• A randomised, double-blind, placebo-controlled trial showed that phytosterol- enriched low-fat milk consumption led to a significant reduction in total and LDL-cholesterol
  • Daily intake of 1.5 g phytosterols for 3 weeks lowered LDL-cholesterol by 9.5%; diastolic blood pressure was also lowered with phytosterol intake
  • Milk consumption was generally well tolerated and only mild gastrointestinal side-effects occurred which did not reduce the cholesterol lowering effect of phytosterols
  • Low calcium intake and osteoporosis are common problems in Asian people and hence the milk with added phytosterols is therefore also useful for providing a daily source of calcium

 

Researchers in Hong Kong randomised 221 non-diabetic southern Chinese participants aged 24-79 years to receive either phytosterol-enriched low-fat milk (1.5 g of phytosterols daily) or a conventional low-fat-milk for a three-week period. The participants were not on any cholesterol lowering medication.

They found that in comparison with the standard low-fat milk those receiving the phytosterol-enriched milk had a significant reduction in serum LDL-cholesterol of 0.265 mmol/L or 9.5% (p<0.0001). Total cholesterol was also significantly lowered (p<0.0001, while HDL-cholesterol and triglycerides were not affected. Interestingly, diastolic (but nor systolic) blood pressure was also lower with phytosterols p<0.01.

The Chinese population has a high prevalence of lactose intolerance when compared to Caucasians. However, despite 30% of study participants experiencing at least one adverse event, e.g. diarrhoea and flatulence this did not affect the LDL-cholesterol lowering effect of the phytosterol added milk in this study group.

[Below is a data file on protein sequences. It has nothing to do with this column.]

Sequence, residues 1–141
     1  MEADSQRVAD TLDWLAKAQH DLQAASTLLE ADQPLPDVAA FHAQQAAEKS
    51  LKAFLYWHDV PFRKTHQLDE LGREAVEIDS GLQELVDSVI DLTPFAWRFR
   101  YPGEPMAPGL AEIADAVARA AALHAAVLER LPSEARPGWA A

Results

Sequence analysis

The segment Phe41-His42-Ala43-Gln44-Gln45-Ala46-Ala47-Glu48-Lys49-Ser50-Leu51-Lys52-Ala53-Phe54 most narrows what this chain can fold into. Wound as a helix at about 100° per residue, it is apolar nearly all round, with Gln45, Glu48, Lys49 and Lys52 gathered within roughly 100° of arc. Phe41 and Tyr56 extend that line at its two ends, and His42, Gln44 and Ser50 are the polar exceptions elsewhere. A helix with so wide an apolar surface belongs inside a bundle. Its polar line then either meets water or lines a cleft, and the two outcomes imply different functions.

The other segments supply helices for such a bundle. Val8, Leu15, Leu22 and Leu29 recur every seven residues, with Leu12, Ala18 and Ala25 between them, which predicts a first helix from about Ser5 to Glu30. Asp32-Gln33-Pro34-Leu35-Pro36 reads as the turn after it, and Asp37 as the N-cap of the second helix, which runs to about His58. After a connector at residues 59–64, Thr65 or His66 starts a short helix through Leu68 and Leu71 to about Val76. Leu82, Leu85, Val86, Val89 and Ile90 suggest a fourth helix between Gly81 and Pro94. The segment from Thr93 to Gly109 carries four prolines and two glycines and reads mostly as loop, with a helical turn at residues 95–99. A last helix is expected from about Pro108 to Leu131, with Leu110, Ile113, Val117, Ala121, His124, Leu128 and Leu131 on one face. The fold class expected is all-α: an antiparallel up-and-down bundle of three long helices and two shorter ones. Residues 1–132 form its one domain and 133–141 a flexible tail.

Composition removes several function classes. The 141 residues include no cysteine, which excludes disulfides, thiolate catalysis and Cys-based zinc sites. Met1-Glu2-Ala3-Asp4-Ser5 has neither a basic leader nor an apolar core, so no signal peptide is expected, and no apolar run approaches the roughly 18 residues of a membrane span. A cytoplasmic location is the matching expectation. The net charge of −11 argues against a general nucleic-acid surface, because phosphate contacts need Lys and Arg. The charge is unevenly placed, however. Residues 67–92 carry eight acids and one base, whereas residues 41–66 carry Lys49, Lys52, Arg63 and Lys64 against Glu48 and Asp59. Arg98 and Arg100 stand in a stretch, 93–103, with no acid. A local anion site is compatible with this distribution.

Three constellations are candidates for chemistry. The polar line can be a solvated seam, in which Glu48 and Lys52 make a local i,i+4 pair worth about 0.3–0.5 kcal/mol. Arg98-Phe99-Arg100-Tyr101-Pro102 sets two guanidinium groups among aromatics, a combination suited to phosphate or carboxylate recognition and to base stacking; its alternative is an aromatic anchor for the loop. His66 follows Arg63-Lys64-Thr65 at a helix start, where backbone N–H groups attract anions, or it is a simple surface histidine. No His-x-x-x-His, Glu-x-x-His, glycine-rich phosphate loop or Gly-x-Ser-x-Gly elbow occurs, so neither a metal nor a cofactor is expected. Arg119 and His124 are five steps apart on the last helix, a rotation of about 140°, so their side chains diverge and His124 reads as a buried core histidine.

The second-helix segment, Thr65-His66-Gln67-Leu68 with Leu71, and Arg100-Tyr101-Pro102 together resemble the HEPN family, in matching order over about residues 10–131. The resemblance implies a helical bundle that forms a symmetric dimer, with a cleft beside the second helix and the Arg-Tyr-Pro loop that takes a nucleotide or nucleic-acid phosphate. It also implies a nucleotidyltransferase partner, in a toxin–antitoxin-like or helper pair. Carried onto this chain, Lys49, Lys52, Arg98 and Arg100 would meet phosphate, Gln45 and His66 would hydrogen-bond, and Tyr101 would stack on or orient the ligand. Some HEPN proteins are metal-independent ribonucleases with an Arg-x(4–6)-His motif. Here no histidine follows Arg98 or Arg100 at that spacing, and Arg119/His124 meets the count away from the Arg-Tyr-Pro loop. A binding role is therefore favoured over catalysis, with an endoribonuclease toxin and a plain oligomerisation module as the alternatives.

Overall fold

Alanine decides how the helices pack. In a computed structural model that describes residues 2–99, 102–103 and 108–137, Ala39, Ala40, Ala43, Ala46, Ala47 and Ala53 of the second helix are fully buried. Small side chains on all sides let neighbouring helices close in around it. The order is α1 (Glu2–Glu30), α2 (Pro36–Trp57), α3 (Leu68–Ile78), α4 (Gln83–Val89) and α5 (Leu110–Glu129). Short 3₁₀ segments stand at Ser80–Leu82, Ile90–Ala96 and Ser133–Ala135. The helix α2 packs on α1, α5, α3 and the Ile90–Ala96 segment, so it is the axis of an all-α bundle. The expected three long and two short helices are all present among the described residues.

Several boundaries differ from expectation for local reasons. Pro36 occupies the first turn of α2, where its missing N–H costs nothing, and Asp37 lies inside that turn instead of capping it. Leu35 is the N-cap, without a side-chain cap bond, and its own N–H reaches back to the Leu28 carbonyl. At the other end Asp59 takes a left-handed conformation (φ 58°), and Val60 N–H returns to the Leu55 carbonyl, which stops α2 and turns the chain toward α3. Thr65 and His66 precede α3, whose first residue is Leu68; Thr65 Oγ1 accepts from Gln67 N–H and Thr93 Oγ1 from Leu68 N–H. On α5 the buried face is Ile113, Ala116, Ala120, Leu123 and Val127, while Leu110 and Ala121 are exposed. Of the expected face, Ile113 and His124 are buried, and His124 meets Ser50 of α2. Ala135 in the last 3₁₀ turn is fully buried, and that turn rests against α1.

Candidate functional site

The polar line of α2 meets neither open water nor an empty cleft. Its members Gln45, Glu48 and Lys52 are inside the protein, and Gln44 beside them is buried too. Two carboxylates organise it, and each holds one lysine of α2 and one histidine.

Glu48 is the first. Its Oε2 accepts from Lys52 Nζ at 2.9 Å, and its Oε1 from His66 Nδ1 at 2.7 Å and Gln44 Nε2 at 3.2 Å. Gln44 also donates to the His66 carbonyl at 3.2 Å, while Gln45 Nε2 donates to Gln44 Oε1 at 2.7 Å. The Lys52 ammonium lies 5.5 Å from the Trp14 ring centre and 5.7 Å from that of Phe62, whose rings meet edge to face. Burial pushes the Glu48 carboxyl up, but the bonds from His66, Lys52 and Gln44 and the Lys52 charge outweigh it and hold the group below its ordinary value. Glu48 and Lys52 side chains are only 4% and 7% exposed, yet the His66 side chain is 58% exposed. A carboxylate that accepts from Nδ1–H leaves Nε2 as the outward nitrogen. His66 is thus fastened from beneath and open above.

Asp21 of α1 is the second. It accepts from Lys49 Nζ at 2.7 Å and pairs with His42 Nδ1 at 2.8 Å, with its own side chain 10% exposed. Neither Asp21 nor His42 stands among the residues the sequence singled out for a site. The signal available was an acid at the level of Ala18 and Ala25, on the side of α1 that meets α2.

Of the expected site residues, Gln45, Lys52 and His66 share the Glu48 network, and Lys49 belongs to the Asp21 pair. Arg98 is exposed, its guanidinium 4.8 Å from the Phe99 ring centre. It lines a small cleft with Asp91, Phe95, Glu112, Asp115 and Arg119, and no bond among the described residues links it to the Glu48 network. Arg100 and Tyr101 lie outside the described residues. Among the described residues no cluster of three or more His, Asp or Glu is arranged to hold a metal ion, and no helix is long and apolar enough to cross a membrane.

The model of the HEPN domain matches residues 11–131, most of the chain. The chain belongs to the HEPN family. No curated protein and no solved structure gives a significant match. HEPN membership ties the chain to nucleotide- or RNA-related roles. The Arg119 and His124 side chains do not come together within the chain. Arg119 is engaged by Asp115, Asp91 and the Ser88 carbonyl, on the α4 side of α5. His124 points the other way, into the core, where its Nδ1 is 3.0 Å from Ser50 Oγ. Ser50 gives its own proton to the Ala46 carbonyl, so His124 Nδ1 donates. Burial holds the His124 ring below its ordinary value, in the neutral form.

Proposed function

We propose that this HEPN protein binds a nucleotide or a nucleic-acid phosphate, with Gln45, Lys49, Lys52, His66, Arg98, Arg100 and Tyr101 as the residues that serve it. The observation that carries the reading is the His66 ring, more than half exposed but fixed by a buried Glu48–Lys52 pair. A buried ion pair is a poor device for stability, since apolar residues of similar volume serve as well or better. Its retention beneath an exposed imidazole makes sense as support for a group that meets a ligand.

This is further evidence showing that phytosterols can reduce blood cholesterol also in the Chinese population. This finding is significant as the traditional diet of the Chinese population is characterised by a high intake of plant-based food and more moderate consumption of animal products.

Low calcium intake and osteoporosis are common in Asian populations. This study further showed that low-fat milk with added phytosterols not only lowered cholesterol, but also provides an important daily source of calcium and protein.

Ching-Lung Cheung, Daniel Ka-Chun Ho, Chor-Wing Sing et al. 2017 Randomized controlled trial of the effect of phytosterols-enriched low-fat milk on lipid profile in Chinese.  Scientific Reports, Nature. Available @ https://www.nature.com/articles/srep41084